UWI takes real steps to respond to child sexual abuse
The experience of Child Sex Abuse (CSA), has very real negative effects on victims’ behaviour, psychological state, academic performance, and ultimately affects the wider society.
These were some of the major conclusions of research conducted by a team of experts led by University of the West Indies (UWI) Professor of Gender and Social Change, Rhoda Reddock. The findings were shared at the second annual 'Break The Silence (BTS) Educator and Child Abuse Symposium' at (UWI) School of Education on April 25. The event was a collaboration between the UWI’s Institute of Gender and Development Studies (IGDS) and the School of Education (SOE) Library to mark Child Abuse Awareness month usually recognised in April.
The symposium, which was opened by Director Dr. Jennifer Yamin-Ali, targeted educators, school social workers and guidance officers who were presented with the overview and findings of the BTS research project and also saw the launch of the BTS Teachers Toolkit. The toolkit provides youth-friendly guidelines and activities for upper primary and secondary school teachers to raise awareness and encourage discussions about how gender, CSA and HIV intersect.
According to BTS project leader Professor Rhoda Reddock, “The BTS toolkit is one of the very practical outputs of the research project. From inception, we knew we wanted to develop new protocols, policies and strategies for preventing and responding to CSA and childhood incest in Trinidad and Tobago. With the reports of child sex abuse and incest consistently rising over the years, it is clear that public awareness and commitment to address this issue has increased. The BTS campaign is wide, it is backed by the United Nations Children Fund (UNICEF) which has extended it to the wider Caribbean region. As an action-research project, we are very pleased to be getting the practical work done and the teacher training is a vital part of that.”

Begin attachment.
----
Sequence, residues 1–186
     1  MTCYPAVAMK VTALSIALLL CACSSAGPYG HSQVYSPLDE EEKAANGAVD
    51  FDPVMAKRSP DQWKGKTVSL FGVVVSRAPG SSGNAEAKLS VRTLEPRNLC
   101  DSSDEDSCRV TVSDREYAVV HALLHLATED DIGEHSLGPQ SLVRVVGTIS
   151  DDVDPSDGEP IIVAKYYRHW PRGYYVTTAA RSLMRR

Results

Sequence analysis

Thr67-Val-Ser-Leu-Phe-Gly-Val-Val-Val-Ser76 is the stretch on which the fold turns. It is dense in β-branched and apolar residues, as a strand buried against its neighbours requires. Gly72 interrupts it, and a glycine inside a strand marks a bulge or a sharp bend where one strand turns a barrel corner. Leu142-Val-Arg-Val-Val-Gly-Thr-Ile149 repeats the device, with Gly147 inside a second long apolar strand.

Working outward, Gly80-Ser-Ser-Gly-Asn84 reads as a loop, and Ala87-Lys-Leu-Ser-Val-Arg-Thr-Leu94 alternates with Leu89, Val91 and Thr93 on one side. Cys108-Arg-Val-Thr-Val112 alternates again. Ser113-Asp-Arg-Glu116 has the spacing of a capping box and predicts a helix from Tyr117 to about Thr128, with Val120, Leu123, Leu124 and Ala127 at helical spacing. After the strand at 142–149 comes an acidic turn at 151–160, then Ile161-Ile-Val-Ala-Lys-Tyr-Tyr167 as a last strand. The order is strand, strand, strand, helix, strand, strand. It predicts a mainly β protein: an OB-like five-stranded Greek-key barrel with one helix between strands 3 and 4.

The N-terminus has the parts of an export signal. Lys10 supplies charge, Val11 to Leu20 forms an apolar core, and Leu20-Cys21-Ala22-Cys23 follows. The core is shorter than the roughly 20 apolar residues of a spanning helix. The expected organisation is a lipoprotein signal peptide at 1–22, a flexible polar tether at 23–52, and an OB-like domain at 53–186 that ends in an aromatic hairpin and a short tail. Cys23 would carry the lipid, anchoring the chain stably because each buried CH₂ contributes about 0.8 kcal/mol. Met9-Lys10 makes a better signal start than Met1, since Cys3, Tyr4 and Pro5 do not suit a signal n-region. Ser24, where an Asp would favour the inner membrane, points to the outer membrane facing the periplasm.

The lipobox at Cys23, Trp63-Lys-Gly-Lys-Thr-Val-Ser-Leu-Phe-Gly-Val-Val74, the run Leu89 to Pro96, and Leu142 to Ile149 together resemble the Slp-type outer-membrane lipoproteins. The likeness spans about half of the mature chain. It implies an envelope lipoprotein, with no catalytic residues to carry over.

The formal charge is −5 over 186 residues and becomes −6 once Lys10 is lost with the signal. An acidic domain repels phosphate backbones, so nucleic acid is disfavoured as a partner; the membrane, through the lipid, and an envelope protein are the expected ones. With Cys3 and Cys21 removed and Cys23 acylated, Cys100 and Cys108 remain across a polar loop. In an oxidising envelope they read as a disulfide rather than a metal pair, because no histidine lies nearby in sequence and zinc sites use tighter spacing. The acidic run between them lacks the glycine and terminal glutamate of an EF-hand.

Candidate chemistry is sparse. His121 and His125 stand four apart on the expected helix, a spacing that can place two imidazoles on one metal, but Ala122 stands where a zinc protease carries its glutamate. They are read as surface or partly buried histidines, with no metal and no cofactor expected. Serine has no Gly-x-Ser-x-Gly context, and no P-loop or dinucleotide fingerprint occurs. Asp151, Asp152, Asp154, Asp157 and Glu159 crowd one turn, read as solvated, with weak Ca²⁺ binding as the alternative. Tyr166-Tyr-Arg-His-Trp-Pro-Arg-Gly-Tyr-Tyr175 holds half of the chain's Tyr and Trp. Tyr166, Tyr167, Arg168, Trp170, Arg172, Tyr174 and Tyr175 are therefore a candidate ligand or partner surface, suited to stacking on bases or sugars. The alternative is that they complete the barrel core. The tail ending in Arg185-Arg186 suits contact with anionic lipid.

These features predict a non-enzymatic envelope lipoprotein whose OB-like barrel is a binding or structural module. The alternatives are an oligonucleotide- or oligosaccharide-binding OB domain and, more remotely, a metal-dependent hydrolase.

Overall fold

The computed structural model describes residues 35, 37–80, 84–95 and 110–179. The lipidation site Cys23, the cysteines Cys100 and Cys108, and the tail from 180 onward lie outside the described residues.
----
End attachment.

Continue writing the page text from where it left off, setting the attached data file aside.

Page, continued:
Clinical Psychologist Dr. Nirvana Maharaj, who presented on the psychological impacts of CSA also highlighted the critical role of teachers commenting that, “intervention often begins and is facilitated through a teacher’s recognition of a disturbance in the child’s level of functioning.” Also presenting at the symposium was Dr. Korrine Louison, Head of the Psychological Testing Unit, School of Education. She addressed the issue of the negative impact of CSA on brain development and also made the case for early intervention noting that the earlier the age of inception and longer the duration of CSA, the worse its impact.
Based on the findings presented at the symposium there were strong calls from the experts and attendees alike for:
-The strengthening of social, psychological and mental health services as preventative measures to address child sexual abuse and other root causes of problems like school dropouts, youth gang culture, violence and criminality;
-Gender-sensitive parenting programmes to support parents in addressing the challenges of 21st-century parenting, especially parents in low-income circumstances;
-Age-appropriate gender and sexuality education in schools;
-Strategic measures to increase understanding of the gender and the effects of gender socialisation in homes, schools, media and the wider society.
The public can get involved by using the online resources, purchasing BTS memorabilia, reaching out for guidance on organizing a community or school BTS activity or joining the BTS network.
For more on the Break The Silence campaign, visit www.sta.uwi.edu/igds/breakthesilence
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